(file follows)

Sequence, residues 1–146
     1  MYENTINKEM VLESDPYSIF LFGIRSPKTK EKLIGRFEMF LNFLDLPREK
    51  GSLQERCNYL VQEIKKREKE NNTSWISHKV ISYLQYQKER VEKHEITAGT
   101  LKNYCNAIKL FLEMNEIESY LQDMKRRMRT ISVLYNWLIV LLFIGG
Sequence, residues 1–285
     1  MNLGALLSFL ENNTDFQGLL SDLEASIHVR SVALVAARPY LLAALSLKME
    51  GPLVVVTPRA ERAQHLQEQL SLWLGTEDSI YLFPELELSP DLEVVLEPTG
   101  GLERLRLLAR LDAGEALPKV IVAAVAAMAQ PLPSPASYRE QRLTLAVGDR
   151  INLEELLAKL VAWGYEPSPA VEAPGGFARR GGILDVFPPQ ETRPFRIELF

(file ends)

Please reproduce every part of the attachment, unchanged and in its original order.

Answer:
Sequence, residues 1–146
     1  MYENTINKEM VLESDPYSIF LFGIRSPKTK EKLIGRFEMF LNFLDLPREK
    51  GSLQERCNYL VQEIKKREKE NNTSWISHKV ISYLQYQKER VEKHEITAGT
   101  LKNYCNAIKL FLEMNEIESY LQDMKRRMRT ISVLYNWLIV LLFIGG
Sequence, residues 1–285
     1  MNLGALLSFL ENNTDFQGLL SDLEASIHVR SVALVAARPY LLAALSLKME
    51  GPLVVVTPRA ERAQHLQEQL SLWLGTEDSI YLFPELELSP DLEVVLEPTG
   101  GLERLRLLAR LDAGEALPKV IVAAVAAMAQ PLPSPASYRE QRLTLAVGDR
   151  INLEELLAKL VAWGYEPSPA VEAPGGFARR GGILDVFPPQ ETRPFRIELF